Women who notice that their biological clock is ahead of their lives buy time with social freezing

Women who notice that their biological clock is ahead of their lives buy time with social freezing
Women who notice that their biological clock is ahead of their lives buy time with social freezing
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The lives of young people have become more changeable and uncertain, explains reproductive sociologist and author of the book Freezing Fertility Lucy van de Wiel from King’s College. ‘They study longer, leave home later, and more often have a flexible employment contract and a temporary rental contract because they cannot buy a house. There is also a temporary partner who, after two years, can simply say that he or she likes it better with someone else.’ The time in which we are ‘young’ is being stretched, so to speak.

This changed life course is clearly reflected in the figures from the Central Bureau of Statistics. At the beginning of this century, almost 60 percent of people in their twenties still lived together, now that is less than half. The age of the bride and groom increased by four years in the same period to 32.8 and 35.1 years respectively. Those who moved in together also broke up more quickly: the share of 24-year-olds who grew tired of each other within five years increased from 18 to 23 percent in ten years.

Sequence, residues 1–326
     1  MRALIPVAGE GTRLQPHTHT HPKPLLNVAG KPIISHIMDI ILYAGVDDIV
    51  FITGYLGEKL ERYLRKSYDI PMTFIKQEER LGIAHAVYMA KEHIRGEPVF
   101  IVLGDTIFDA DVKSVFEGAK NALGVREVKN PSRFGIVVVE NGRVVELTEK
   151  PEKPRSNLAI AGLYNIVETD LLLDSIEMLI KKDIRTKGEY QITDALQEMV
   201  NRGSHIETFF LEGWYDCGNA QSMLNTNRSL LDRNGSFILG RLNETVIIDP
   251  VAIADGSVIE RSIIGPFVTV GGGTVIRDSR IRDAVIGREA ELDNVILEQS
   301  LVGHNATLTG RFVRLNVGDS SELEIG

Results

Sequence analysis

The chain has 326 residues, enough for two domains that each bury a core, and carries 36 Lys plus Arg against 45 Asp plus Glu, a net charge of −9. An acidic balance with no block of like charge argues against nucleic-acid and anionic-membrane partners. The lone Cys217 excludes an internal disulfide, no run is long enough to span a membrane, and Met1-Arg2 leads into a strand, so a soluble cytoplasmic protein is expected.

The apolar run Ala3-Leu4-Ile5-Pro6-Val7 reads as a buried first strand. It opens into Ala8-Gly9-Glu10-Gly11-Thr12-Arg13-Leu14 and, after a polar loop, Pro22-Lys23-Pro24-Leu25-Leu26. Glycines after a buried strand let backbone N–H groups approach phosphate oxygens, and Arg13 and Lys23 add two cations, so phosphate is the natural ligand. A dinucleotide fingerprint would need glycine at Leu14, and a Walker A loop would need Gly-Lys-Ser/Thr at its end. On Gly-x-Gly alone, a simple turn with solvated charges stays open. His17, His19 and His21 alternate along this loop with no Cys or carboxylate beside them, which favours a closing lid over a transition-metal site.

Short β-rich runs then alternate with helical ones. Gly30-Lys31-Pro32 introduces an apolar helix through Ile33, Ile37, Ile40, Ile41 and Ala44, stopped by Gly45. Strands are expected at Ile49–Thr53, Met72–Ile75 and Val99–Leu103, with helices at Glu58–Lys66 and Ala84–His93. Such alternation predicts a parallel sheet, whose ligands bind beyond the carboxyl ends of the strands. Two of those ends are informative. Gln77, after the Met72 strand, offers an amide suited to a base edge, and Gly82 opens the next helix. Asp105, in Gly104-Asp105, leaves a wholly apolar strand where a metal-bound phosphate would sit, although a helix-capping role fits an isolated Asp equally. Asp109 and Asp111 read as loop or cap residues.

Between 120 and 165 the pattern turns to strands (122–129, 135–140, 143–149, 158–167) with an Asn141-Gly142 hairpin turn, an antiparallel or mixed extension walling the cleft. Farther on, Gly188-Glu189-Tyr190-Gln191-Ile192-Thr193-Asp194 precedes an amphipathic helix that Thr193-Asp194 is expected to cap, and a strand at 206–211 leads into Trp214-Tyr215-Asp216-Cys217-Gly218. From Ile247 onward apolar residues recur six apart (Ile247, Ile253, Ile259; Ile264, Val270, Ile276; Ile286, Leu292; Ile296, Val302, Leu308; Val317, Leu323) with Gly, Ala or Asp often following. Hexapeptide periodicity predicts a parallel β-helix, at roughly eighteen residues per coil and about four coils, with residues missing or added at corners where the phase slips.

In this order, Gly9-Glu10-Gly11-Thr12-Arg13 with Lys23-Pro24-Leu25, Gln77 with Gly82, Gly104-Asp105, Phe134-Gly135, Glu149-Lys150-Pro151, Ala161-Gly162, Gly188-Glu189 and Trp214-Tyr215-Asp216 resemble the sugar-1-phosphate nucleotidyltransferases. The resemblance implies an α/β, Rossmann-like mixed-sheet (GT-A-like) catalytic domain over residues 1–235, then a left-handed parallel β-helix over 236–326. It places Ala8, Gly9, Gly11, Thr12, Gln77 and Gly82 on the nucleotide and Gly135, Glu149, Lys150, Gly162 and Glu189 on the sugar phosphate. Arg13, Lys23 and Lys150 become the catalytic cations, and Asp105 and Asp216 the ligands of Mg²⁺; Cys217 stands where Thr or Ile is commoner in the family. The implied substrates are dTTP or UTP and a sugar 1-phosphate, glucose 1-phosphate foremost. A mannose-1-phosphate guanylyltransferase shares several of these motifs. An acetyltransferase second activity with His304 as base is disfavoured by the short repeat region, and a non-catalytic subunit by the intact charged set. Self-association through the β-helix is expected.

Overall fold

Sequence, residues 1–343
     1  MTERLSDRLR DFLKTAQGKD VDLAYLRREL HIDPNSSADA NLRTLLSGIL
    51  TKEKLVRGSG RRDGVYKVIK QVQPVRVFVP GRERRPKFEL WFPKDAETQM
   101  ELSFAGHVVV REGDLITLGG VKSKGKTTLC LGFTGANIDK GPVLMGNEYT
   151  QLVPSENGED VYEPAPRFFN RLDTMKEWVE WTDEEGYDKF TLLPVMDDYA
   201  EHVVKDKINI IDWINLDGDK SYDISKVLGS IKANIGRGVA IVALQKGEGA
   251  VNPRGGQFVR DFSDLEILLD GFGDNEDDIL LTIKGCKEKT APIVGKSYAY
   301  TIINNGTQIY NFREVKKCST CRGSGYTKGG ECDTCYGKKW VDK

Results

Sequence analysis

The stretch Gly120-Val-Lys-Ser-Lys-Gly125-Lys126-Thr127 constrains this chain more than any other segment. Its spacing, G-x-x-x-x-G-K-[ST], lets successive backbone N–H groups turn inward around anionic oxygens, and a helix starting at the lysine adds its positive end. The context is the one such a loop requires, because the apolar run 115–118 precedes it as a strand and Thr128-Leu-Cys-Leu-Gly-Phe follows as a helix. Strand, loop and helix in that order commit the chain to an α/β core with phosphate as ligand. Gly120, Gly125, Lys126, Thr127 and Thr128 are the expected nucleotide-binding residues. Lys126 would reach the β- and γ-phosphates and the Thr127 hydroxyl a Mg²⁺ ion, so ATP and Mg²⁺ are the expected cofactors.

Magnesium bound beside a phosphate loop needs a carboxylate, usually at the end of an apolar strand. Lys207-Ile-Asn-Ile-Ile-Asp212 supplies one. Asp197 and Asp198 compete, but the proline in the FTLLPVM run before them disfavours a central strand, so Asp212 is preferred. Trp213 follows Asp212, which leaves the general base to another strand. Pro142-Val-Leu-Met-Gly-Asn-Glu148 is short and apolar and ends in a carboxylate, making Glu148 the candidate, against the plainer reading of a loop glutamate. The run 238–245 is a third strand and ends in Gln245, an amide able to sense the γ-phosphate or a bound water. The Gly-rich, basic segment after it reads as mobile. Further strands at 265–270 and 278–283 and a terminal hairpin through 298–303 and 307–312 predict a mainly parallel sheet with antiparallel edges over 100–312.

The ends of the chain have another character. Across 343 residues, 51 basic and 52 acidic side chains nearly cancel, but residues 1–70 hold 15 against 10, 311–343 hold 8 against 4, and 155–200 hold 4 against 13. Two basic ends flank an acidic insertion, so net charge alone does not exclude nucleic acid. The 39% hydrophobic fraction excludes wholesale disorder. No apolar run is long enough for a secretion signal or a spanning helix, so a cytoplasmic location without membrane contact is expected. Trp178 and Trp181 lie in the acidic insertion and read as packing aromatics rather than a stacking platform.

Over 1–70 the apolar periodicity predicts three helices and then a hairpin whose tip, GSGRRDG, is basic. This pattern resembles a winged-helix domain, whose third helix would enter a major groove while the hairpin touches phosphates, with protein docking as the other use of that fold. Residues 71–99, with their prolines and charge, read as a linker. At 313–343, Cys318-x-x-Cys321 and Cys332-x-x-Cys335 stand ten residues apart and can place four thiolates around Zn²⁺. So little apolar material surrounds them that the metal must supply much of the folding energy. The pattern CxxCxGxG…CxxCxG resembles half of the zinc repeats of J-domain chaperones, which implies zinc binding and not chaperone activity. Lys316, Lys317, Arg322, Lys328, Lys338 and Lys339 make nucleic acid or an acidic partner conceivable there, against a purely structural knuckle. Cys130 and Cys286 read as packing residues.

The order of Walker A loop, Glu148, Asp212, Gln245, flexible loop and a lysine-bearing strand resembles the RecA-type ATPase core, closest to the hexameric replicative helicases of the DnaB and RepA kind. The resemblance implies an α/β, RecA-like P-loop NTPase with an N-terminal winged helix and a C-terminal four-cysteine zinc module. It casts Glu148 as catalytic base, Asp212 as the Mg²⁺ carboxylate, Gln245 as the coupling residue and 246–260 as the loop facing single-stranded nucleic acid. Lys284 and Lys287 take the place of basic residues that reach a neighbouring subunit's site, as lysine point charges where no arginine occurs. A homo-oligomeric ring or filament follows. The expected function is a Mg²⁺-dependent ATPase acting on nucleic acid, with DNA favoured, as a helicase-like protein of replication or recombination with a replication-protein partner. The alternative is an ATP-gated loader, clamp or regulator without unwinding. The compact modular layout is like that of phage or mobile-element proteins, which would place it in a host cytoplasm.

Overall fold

Milestones are not only moving forward in relationships, but also in other areas of life. In 2008, half of 24-year-olds still had a permanent employment contract, but ten years later this share was only reached at the age of 27. The age at which the majority of people in their twenties left home rose by one year in the same period. Fewer and fewer of these young people are buying a home: 60 percent of 28-year-olds owned an owner-occupied home fifteen years ago, but now buyers at that age are in the minority.

The article is in Dutch

Tags: Women notice biological clock ahead lives buy time social freezing

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